These two books go together. One consists of a series of photographs John Woodman took of a particular view of the pond in Ruskin Park, South London, in different weathers, seasons, times, winds and lights. This is the pond that used to belong to the house at 163 Denmark Hill occupied from 1847 to 1872 by the great Victorian art critic, social visionary and artist John Ruskin, an inspirational figure – perhaps the inspirational figure – for Tolstoy, Gandhi and Proust, among many others. The other book is a selection of extracts from Ruskin’s Of Truth of Water (from Volume I of Modern Painters), preceded by specially commissioned essays.

Both works prompt reflection on the nature of water, not as H2O, a scientific compound, but as an essential element of all life and spirit, and also on the profound mystery and challenge of how to convey that element and its life and spirit in art. Of Truth of Water’s first paragraph ends with one of Ruskin’s simplest but most wonderful sentences: “It is like trying to paint a soul.”

Ruskin was enchanted, inspired, obsessed by water all his life. When he came to settle in the Lake District, he bought one of the most beautifully sited houses in England, Brantwood on Coniston Water, and loved to lie in a boat on the lake, gazing at the sky. Much earlier he had written of water’s amazing variety and changeableness, its power in making and remaking the landscape, its symbolic force as emblem of unwearied and unconquerable power: “What shall we compare to this mighty, this universal element, for glory and for beauty?”

As a young man Ruskin was much drawn to mighty waterfalls and storm scenes, and found in Turner the only artist who could begin to convey such effects in paint. With youthful intransigence, he dismissed practically all earlier attempts to paint water, reserving particular scorn for the widely admired Dutch sea painter van de Velde and for Canaletto’s monotonous and artificial rendering of ripples on the canals of Venice.

Given Ruskin’s unstinting admiration for and championing of Turner and his sublime effects, you might at first be rather surprised at the quietness and modesty of Woodman’s photographs. He chooses deliberately to narrow the frame; and by restricting his view to the same patch of an urban pond to focus on the interaction of water and light, he demonstrates that the way water both reflects and is transparent, and the way that what it reflects and does not reflect are never quite the same. But he is being faithful to one aspect of Ruskin here: the young art critic’s extraordinary, painstaking attention to what he called the ‘changefulness’ of water in light.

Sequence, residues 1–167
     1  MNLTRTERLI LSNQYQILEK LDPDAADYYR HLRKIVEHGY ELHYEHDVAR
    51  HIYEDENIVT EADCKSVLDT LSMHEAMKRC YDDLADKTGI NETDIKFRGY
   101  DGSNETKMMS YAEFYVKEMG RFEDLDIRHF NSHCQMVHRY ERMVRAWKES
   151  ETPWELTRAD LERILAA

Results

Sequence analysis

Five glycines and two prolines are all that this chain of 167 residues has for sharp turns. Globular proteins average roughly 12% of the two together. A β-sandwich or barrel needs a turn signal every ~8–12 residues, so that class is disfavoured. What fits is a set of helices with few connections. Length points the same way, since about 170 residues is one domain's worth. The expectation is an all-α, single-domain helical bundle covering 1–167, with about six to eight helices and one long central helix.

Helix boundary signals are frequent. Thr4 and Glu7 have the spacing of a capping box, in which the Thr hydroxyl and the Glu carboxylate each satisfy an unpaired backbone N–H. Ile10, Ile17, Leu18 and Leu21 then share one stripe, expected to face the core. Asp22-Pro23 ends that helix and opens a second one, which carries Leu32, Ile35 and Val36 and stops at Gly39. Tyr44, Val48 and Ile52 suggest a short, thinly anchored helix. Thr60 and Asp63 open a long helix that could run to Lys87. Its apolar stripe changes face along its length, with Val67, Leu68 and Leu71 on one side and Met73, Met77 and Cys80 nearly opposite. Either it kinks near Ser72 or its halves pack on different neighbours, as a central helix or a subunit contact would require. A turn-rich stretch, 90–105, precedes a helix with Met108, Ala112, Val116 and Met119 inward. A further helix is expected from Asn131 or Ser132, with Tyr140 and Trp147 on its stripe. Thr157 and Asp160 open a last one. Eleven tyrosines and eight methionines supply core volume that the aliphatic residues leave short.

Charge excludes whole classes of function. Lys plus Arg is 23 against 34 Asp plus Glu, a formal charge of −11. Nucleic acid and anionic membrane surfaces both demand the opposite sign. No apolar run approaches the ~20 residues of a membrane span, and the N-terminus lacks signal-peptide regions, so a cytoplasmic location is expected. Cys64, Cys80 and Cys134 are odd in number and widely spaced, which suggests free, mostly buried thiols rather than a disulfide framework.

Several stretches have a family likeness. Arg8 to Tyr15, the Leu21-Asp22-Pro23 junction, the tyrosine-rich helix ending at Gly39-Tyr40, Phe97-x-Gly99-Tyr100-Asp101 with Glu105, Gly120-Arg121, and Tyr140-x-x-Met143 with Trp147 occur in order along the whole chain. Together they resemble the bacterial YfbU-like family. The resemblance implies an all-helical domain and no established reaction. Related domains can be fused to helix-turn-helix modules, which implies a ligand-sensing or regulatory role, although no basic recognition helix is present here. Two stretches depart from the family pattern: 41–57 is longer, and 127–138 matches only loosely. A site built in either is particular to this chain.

In Woodman’s photographs the colour of the pond water changes from red-brown to deep blue; the surface, from the stillness of a mirror to the metallic wave of ripples and the lumpy, frozen rigidity of ice; what is reflected varies from practically nothing to the intricate detail of trees.

To really appreciate these photographs, as also to read Ruskin’s prose, you need to be prepared to slow down and partake in the minute attention to detail; but the rewards are great.

In the end, it seems appropriate and touching that Woodman has chosen to photograph a humble urban pond rather than a magnificent lake or waterfall. As Ruskin grew older, he turned increasingly from aesthetics to ethics, or to the connections between the two: his work became, in part, a protest against what industrialisation was doing to humanity and to Nature: turning workers into mindless extensions of machines, and rivers and seas into sewers.

As Howard Hull reminds us in the finest of the gathered essays, Ruskin in later life endowed a fund, in memory of his mother, to restore and purify a spring of water between Epsom and Croydon. The tablet he erected at the spot reads thus: “In obedience to the Giver of Life, of the brooks and fruits that feed it, of the peace that ends it, may this Well be kept sacred for the service of men, flocks and flowers.” As a sobering afterthought, Hull reminds us that “the project failed. Its challenge has not gone away.”

Harry Eyres writes a weekly column for the Financial Times and is Editor-at-Large with Resurgence.